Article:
Back when I was an employee — now freelance-ish — compiling to do lists was a farce. No matter how these were organised nothing ever got crossed off because Peter Principle line manager would constantly interrupt.
These days I do not have either to do lists or bucket lists. The Reminders app I do use but only for medical activities — taking medication or doing exercises or as right now to put an ice pack and topical analgesic on my damaged knee. Also use the Calendar app for customer and medical appointments, and sporting events.
There is a great feeling of complete freedom from not having to do lists being tyranical.
Now there’s an idea! Must make a note to get some AirTags.
The majority of my work is self directed with maybe 5-10% of my time spent working on requests from coworkers. My work life is organized in Org-mode since I’m a sysadmin and have been using it for years to keep myself on track with things I need to research, tasks to complete, and the occasional meeting. To a large degree Org-mode (and emacs in general) allows one to create a custom software tool.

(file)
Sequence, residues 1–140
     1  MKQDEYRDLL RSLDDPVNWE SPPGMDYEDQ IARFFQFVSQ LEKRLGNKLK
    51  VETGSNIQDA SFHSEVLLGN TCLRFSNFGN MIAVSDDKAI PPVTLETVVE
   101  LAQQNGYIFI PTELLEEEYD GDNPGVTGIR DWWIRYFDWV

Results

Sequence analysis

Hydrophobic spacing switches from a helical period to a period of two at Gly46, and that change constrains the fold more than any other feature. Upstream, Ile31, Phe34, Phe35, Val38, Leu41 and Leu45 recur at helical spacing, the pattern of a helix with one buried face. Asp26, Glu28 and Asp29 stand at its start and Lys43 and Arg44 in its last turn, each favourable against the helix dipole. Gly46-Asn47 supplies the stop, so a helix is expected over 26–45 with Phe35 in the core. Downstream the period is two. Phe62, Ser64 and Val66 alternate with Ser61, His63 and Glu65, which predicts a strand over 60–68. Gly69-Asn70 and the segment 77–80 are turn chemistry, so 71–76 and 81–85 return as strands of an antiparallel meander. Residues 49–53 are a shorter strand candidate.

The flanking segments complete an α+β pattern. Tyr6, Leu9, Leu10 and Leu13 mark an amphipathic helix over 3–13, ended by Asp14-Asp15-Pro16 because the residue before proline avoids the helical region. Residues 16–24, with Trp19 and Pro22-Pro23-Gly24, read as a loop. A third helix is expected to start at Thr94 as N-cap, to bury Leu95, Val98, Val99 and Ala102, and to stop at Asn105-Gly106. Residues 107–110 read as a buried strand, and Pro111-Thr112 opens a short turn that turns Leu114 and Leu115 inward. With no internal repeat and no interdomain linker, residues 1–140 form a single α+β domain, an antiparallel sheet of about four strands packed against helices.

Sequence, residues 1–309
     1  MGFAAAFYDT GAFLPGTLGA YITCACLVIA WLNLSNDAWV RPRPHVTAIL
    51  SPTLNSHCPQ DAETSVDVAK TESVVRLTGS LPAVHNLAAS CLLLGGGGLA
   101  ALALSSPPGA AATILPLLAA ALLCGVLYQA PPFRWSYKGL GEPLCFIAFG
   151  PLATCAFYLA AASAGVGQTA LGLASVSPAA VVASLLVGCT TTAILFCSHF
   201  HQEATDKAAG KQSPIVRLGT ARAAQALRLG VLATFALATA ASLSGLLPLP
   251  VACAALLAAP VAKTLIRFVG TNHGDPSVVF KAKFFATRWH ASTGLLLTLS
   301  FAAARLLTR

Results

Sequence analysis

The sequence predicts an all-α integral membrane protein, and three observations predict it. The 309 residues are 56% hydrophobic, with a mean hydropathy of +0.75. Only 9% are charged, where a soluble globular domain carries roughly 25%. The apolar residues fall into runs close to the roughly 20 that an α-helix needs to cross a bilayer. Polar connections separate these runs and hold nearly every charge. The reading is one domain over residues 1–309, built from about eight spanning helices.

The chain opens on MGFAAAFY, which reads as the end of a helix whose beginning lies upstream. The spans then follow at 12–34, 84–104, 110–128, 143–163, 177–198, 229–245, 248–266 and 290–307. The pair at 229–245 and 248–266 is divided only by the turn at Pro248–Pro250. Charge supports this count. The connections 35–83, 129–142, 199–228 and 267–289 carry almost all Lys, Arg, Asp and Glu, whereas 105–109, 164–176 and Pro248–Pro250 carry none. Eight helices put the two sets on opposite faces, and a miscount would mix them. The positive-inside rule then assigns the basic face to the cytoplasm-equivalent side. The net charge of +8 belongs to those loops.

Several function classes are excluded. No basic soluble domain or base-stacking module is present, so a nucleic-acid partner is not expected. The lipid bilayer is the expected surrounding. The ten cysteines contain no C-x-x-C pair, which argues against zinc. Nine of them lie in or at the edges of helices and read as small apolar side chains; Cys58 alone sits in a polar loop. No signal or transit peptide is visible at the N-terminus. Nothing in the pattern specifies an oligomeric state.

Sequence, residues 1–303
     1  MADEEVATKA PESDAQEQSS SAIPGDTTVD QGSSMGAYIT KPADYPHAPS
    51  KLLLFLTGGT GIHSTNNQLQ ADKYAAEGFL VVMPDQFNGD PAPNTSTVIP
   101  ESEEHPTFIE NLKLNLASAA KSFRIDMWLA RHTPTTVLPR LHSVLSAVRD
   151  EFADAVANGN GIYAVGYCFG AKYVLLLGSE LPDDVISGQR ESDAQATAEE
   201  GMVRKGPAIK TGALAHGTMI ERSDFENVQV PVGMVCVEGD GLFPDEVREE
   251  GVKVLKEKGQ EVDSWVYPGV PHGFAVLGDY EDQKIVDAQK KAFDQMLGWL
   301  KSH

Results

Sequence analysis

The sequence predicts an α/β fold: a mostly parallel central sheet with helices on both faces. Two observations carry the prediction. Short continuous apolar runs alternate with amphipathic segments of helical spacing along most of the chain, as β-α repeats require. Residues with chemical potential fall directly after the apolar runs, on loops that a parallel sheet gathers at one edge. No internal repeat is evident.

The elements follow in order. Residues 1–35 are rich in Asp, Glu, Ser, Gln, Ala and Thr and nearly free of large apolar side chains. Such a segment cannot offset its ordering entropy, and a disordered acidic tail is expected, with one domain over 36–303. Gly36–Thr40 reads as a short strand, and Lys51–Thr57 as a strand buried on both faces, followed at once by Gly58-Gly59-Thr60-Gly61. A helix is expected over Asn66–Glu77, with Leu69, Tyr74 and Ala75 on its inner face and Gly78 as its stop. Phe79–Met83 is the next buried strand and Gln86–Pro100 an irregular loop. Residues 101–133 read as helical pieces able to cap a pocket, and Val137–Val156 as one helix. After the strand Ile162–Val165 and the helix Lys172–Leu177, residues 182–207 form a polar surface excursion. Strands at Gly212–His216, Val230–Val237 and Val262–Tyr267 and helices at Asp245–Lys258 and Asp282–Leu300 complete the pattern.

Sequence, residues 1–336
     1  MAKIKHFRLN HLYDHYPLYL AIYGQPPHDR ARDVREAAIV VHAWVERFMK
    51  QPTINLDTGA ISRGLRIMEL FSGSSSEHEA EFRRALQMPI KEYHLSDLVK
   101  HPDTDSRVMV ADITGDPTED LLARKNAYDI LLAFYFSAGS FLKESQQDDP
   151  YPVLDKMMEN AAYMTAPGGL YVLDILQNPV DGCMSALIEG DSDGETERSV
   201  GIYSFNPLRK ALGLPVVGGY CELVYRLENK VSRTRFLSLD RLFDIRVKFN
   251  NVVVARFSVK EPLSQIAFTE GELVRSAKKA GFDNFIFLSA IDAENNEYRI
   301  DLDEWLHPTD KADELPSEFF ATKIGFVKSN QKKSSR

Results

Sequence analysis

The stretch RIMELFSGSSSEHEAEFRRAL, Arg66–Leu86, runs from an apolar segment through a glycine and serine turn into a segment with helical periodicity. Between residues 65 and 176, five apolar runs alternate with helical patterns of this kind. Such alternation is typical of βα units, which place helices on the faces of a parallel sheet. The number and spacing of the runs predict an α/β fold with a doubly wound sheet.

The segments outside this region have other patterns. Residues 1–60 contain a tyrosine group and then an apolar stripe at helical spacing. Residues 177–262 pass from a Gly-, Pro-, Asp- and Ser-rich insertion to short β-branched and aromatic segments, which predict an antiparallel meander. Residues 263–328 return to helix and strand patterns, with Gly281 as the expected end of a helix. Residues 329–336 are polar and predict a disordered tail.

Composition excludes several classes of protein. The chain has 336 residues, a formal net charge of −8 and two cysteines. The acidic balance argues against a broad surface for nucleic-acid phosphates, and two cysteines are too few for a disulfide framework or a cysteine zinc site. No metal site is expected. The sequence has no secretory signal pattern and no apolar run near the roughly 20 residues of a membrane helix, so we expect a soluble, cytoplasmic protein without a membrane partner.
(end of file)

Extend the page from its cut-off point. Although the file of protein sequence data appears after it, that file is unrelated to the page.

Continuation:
Tasks related to my personal life are now all kept in Reminders lists and the majority of those are chores that need to be done regularly and shopping lists. There are some lists for projects I’d like to get around to eventually, but I don’t feel constrained by those lists in any way.
As @Bill_Aus mentions, process is key. I’ve used the same task management process that’s been refined over the past 15+ years to do the things I want or need to do. It’s dead simple and I’ve used that same process with Org-mode, index cards, pocket notebooks, Remember the Milk, Todoist, Things, and Reminders with no need to modify it for a specific app and everything seems to get done.